"Star Formations and Alien Invasions: Mel Gibson and Signs"
DeAngelis, Michael, Literature/Film Quarterly
"You actually hear what Jesus said in his original language. You hear what Peter said and what Mary said. And that's gripping," exclaimed Rev. Ted Haggard, executive director of the National Association of Evangelicals, after viewing The Passion of the Christ, released by Icon Productions, a corporation owned and managed by actor-director-producer MeI Gibson ("Gibson's film," CNN.com). Relating the events of the final twelve hours in the life of Jesus Christ, featuring mostly unknown actors, and filmed entirely in Latin, Hebrew, and Aramaic, the film was the subject of heated controversy before and after its Ash Wednesday 2004 release because of concerns over its vilification of Jews, a perspective that the pronouncements of the second Vatican Council attempted to halt in their reforms of the early 1960s. While Gibson vehemently denied these accusations, he also self-identifies as a "traditionalist Catholic" who rejects the liberalization of the Catholic Church Vatican II reforms, and who recently built his own $20 million house of worship in Malibu, where mass is held exclusively in Latin. As Christopher Noxon recently wrote in a New York Times piece, Gibson's father is also reported to refute the Holocaust.
The connection between the actor-producer's political agenda and the film project at hand is overtly foregrounded by the conditions of reception that surrounded the film before its release. According to a report from cbsnews.com, Gibson has argued that "my intention in bringing [the story] to the screen is to create a lasting work of art and engender serious thought among audiences with diverse faith backgrounds." Yet the fact that the audiences selected for prerelease screenings were limited to conservative and evangelical authorities, and that Gibson and his publicists denounced the Catholic and Jewish evaluators of an early version of the script who criticized the project on political grounds, hardly suggest the production head's concern with facilitating an open debate on Biblical interpretation. Notwithstanding this prerelease controversy, the film opened to largely positive reviews across the nation, and Gibson's self-proclaimed anxieties that the film might be a "career killer" were immediately quelled when The Passion of the Christ returned grosses of $125 million in its first week and over $370 million domestically in its first year of release. It remains the ninth highest grossing film of all time, with current worldwide grosses of over $600 million.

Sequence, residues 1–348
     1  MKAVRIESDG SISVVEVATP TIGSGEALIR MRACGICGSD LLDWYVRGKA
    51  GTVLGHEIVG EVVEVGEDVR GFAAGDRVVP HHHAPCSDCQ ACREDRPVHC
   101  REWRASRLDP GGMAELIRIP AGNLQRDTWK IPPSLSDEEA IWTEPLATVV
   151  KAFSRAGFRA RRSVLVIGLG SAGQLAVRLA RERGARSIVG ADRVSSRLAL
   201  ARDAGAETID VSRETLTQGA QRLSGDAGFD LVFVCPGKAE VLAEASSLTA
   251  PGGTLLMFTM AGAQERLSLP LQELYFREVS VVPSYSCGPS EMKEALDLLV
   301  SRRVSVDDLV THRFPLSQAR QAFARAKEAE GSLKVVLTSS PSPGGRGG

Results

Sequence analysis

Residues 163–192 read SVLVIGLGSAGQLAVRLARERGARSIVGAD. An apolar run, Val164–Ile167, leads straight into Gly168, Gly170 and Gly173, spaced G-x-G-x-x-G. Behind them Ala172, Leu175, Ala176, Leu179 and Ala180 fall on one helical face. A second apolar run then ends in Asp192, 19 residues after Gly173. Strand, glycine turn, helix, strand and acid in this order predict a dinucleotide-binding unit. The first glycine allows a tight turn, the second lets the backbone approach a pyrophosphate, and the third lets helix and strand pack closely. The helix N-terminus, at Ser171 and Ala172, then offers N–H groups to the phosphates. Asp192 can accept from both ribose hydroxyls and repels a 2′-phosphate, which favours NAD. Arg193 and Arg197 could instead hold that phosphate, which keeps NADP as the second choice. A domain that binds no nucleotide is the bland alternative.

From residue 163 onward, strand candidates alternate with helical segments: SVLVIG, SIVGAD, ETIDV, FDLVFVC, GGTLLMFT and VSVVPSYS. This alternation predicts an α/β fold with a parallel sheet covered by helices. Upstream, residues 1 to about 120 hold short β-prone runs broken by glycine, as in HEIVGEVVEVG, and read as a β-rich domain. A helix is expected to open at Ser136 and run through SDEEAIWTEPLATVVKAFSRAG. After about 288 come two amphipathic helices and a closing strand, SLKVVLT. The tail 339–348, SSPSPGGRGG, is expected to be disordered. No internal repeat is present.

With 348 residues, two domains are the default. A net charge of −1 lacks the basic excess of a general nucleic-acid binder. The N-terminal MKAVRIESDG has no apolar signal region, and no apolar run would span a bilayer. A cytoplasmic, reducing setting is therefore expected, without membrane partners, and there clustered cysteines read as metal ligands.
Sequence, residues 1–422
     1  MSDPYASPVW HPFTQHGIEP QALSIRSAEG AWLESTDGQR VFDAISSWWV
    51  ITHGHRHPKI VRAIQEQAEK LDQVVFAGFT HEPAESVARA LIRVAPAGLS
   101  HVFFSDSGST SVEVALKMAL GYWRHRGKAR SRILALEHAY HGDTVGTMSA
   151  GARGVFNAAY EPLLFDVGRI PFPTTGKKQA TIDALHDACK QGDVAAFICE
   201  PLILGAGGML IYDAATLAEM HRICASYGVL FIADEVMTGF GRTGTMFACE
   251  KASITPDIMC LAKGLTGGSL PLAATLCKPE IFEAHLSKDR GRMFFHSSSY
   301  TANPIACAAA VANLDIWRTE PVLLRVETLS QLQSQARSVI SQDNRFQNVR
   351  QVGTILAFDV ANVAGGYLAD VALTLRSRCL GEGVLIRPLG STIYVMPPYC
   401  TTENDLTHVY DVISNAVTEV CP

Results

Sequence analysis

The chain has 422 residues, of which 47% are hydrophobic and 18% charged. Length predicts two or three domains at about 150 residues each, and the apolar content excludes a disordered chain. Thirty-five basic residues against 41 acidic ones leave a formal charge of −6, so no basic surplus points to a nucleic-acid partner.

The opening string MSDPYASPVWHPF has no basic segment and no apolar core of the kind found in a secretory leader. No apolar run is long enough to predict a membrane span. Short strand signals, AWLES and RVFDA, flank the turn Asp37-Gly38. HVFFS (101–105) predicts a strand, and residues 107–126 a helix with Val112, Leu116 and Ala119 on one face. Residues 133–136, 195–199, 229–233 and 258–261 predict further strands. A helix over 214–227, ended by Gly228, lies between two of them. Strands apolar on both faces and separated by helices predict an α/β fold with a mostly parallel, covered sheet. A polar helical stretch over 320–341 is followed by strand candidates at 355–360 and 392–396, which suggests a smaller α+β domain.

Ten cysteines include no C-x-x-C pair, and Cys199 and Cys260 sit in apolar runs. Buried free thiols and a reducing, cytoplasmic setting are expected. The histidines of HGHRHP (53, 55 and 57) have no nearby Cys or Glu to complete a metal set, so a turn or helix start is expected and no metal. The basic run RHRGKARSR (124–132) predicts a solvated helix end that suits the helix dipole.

In its obsession with an authoritative Biblical reading, the righteous sense of self-evidence inherent in presumptions of such authority, and a conservative political perspective disguised as natural, true, and right, The Passion of the Christ is in many ways the logical culmination of a pattern in Gibson's work and thought that has been developing for several years and across many of his recent film projects. This culmination is clearly predicted by the Gibson film that preceded it, M. Night Shyamalan's science fiction film Signs (2002), a film that, thematically and politically, also actively concerns the attempt to control the production of meaning and interpretation. To a genre whose efficacy relies upon the ability to entice viewers to imagine unknown worlds and to participate in the construction and experience of unreal "scenes," Signs brings us a domestic, family melodrama that uses the threat of alien invasion as a means of eliciting its protagonist's personal crisis of faith.
This paper offers an analysis of Signs through an examination of not only the narrative and political strategies that the film itself sets into play, but also, and more specifically, the place that this science fiction family melodrama provides for the emergence of its central star persona in the greater context of the various star texts that have constructed "Mel Gibson." In addition to his role as ex-Rev. Graham Hess in Shyamalan's film, this context incorporates the body of Gibson's projects since his introduction to American audiences through the post-apocalyptic fantasy of George Miller's The Road Warrior (1982), the promotional and publicity discourses surrounding the star, and the more than tenuous connections between the fictitious and the real that such discourses propose with respect to the actor and the film's plot. …